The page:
Ken Blount1*, Courtney Jones1, Dana Walsh1, Carlos Gonzalez2 and William D. Shannon2
1Rebiotix Inc., a Ferring Company, Roseville, MN, United States, 2BioRankings LLC, St. Louis, MO, United States
The human gut microbiota are important to health and wellness, and disrupted microbiota homeostasis, or “dysbiosis,” can cause or contribute to many gastrointestinal disease states. Dysbiosis can be caused by many factors, most notably antibiotic treatment. To correct dysbiosis and restore healthier microbiota, several investigational microbiota-based live biotherapeutic products (LBPs) are in formal clinical development. To better guide and refine LBP development and to better understand and manage the risks of antibiotic administration, biomarkers that distinguish post-antibiotic dysbiosis from healthy microbiota are needed. Here we report the development of a prototype Microbiome Health Index for post-Antibiotic dysbiosis (MHI-A).
MHI-A was developed and validated using longitudinal gut microbiome data from participants in clinical trials of RBX2660 and RBX7455 – investigational LBPs in development for reducing recurrent Clostridioides difficile infections (rCDI). The MHI-A algorithm relates the relative abundances of microbiome taxonomic classes that changed the most after RBX2660 or RBX7455 treatment, that strongly correlated with clinical response, and that reflect biological mechanisms believed important to rCDI. The diagnostic utility of MHI-A was reinforced using publicly available microbiome data from healthy or antibiotic-treated populations.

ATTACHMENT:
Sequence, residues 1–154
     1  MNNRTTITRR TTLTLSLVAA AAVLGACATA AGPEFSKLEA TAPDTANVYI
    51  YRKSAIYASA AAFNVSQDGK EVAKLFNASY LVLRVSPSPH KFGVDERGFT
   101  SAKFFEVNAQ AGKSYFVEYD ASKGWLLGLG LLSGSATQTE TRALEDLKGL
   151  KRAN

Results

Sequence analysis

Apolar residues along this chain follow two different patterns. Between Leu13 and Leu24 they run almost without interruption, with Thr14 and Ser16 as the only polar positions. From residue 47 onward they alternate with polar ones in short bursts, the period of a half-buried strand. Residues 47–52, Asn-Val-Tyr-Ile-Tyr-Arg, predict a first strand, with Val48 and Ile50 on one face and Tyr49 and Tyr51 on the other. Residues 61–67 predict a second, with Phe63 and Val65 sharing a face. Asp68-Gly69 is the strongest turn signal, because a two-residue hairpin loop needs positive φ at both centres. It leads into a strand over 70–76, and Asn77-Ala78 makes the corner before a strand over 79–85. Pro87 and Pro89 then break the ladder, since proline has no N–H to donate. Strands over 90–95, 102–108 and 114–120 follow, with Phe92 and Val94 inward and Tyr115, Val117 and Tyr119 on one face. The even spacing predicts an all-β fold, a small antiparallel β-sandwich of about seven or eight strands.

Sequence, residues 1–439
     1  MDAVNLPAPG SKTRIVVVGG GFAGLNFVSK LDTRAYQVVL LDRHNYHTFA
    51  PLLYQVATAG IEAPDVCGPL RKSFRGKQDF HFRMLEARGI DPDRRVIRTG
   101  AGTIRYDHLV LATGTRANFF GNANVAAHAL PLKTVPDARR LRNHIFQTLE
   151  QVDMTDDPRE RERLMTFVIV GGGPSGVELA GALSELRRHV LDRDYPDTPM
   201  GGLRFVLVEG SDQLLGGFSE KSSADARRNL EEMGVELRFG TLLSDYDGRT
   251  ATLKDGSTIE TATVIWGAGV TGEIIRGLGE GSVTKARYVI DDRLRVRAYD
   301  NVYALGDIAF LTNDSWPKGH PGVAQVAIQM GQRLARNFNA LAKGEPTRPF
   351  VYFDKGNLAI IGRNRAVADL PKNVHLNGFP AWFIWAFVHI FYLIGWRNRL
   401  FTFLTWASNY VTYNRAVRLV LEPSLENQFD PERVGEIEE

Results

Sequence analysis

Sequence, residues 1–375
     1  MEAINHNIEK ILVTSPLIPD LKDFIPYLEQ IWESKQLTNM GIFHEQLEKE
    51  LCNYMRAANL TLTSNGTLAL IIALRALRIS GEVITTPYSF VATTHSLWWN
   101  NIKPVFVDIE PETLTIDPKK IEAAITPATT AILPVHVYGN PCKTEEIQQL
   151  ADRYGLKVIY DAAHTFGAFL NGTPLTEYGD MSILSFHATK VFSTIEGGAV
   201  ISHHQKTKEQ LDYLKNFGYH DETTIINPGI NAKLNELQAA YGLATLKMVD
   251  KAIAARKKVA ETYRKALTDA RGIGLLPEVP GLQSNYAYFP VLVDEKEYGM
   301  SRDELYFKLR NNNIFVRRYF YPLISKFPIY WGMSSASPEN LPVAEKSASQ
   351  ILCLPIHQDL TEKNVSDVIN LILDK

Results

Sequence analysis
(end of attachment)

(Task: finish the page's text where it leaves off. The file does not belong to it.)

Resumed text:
MHI-A has high accuracy to distinguish post-antibiotic dysbiosis from healthy microbiota. MHI-A values were consistent across multiple healthy populations and were significantly shifted by antibiotic treatments known to alter microbiota compositions, shifted less by microbiota-sparing antibiotics. Clinical response to RBX2660 and RBX7455 correlated with a shift of MHI-A from dysbiotic to healthy values.
MHI-A is a promising biomarker of post-antibiotic dysbiosis and subsequent restoration. MHI-A may be useful for rank-ordering the microbiota-disrupting effects of antibiotics and as a pharmacodynamic measure of microbiota restoration.
Microbiota-based therapy, Placebo, Microbiome, Resistome, Clostridioides difficile intestinal microbiota, dysbiosis, antibiotics, biomarker, Clostridioides difficile infection